New Jersey High Schools to Spread Opioid Awareness through Athletics


FOR IMMEDIATE RELEASE: September 27, 2018

Contacts: Matt Birchenough, 201-916-1032,


New Jersey High Schools to Spread Opioid Awareness through Athletics

NEW JERSEY — In the coming weeks, student athletes, coaches and administrators from high schools throughout the state will help to spread vital messages about the risks of prescription opioids and their link to heroin use as part of the Partnership for a Drug-Free New Jersey’s third annual Knock Out Opioid Abuse Day.

More than 50 schools across 15 counties have signed on to share crucial information about the opioid crisis ravaging the state. The epidemic has affected people of all backgrounds, regardless of wealth, race, religion or age. However, New Jersey’s youth athletes can be even more susceptible to opioid addiction in large part due to sports injuries and access to prescription painkillers to treat them.

Schools will distribute handouts detailing the dangers of opioids to spectators at games and provide stickers and wristbands to help create awareness among students and parents. Football players will wear helmet stickers with a Knock Out Opioid Abuse logo. While Knock Out Opioid Abuse Day is held on October 6, several schools will be taking part in the event on alternative dates corresponding with home contests in football and other sports.

“Knock Out Opioid Abuse Day is crucial to educating all New Jersey residents about the risks of prescription opioids and the need to take action to stem this opioid crisis that has inflicted tragedy on too many New Jersey families,” said Partnership for a Drug-Free New Jersey Executive Director Angelo Valente. “It’s encouraging to see so many high schools and athletic departments across the state take action to protect their student athletes by informing them, their coaches and their parents about the risks of prescription opioids.”

A recent University of Michigan study found that male youth athletes were twice as likely to be prescribed painkillers during the previous year and four times more likely to misuse them compared to males who did not participate in competitive sports. Another study by the University of Michigan found that college students who participated in at least one interscholastic sport during high school had higher odds than non-athletes of being approached during their lifetime to divert their opioid medications.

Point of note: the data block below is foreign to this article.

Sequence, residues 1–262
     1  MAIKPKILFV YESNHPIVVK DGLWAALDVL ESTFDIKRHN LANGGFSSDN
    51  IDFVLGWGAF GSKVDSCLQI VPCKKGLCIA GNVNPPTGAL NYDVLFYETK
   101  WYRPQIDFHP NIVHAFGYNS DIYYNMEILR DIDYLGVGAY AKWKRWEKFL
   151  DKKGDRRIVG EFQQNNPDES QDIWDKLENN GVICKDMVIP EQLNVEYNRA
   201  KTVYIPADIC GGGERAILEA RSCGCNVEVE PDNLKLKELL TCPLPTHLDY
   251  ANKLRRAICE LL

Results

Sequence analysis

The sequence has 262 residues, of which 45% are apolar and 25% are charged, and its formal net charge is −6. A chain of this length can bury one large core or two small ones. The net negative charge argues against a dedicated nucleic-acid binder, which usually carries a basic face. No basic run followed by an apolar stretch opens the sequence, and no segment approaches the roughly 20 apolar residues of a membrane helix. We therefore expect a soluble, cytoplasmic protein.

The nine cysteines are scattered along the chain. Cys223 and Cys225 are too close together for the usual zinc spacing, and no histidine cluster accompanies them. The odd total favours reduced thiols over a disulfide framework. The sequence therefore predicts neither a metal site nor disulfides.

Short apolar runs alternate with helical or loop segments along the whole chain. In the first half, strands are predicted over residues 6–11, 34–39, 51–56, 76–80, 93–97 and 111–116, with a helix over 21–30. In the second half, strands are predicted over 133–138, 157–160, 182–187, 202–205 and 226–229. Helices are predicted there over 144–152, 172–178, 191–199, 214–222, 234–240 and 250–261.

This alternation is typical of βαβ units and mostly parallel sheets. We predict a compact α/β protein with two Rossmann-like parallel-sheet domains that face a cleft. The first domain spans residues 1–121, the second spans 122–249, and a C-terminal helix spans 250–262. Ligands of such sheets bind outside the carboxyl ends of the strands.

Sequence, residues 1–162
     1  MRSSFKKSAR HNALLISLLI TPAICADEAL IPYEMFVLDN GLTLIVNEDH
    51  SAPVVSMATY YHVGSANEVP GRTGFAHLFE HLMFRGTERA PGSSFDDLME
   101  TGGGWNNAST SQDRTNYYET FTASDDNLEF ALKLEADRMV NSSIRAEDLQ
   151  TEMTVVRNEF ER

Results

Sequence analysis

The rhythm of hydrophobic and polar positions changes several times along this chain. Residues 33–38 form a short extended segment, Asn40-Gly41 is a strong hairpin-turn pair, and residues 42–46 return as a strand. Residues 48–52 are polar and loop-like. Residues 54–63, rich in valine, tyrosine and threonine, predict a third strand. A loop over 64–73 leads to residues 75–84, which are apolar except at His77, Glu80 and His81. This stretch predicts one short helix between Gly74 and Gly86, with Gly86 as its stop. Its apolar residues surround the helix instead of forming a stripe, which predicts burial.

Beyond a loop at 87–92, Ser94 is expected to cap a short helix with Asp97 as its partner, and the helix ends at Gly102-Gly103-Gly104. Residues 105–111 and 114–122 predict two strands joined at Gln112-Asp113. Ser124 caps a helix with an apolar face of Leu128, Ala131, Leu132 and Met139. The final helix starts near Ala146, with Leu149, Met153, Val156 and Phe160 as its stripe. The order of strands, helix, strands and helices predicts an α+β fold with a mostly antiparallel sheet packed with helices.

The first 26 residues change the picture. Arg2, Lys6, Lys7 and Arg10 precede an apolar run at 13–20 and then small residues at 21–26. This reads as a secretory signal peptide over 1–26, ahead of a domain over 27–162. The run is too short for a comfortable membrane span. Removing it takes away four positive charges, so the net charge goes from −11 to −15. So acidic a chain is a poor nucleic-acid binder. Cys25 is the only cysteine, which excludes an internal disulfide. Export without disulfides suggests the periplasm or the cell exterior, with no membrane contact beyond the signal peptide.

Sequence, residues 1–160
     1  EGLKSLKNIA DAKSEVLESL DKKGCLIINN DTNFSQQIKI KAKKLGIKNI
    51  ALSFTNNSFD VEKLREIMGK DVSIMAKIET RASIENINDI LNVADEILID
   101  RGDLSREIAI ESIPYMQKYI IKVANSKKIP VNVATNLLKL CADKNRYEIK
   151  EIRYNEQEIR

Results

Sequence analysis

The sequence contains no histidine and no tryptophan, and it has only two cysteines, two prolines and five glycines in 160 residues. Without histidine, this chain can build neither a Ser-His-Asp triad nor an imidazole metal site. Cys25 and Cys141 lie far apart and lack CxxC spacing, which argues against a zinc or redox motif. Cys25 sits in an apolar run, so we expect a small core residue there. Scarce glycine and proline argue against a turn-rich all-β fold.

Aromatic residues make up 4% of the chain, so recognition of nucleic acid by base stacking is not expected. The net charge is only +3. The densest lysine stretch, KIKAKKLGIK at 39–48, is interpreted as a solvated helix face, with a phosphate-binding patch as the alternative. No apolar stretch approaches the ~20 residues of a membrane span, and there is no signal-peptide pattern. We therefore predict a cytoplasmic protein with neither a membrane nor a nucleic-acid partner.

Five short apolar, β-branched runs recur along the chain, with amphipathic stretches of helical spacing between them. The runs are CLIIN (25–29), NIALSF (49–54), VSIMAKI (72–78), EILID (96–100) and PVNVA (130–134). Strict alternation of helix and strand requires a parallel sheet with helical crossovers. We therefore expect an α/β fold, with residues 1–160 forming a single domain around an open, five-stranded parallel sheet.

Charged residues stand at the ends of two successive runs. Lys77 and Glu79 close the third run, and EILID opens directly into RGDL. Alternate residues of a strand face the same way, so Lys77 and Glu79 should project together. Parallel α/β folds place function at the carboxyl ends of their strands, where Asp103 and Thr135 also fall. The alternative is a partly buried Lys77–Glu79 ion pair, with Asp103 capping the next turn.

The use of opioid painkillers, while sometimes necessary, does raise the risk of addiction, especially in children. A 2015 study found that legitimate opioid use before high school graduation is independently associated with a 33 percent increase in the risk of future opioid misuse after high school.

The first Knock Out Opioid Abuse Day was held in 2016, and the New Jersey state legislature responded by declaring October 6 as Knock Out Opioid Abuse Day in perpetuity in the state.

More than 10,000 volunteers participated in last year’s event, distributing crucial information on safe prescribing practices to healthcare providers, as well door hangers to residents in neighborhoods throughout New Jersey. Volunteers also organized events, such as songwriting contests, candlelight vigils and charity walks to spread messages of prevention and recovery.

Knock Out Opioid Abuse Day is a project of the Partnership for a Drug-Free New Jersey, in cooperation with the Governor’s Council on Alcoholism and Drug Abuse; the New Jersey Department of Human Services, Division of Addiction Services; and the Community Coalition for a Safe and Healthy Morris, with help from partners across the state.

For information on schools that are participating in Knock Out Opioid Abuse Day, contact Matt Birchenough at or 201-916-1032.


Best known for its statewide substance use prevention advertising campaign, the Partnership for a Drug-Free New Jersey is a private not-for-profit coalition of professionals from the communications, corporate and government communities whose collective mission is to reduce demand for illicit drugs in New Jersey through media communication.  To date, more than $100 million in broadcast time and print space has been donated to the Partnership’s New Jersey campaign, making it the largest public service advertising campaign in New Jersey’s history. Since its inception, the Partnership has garnered 174 advertising and public relations awards from national, regional and statewide media organizations.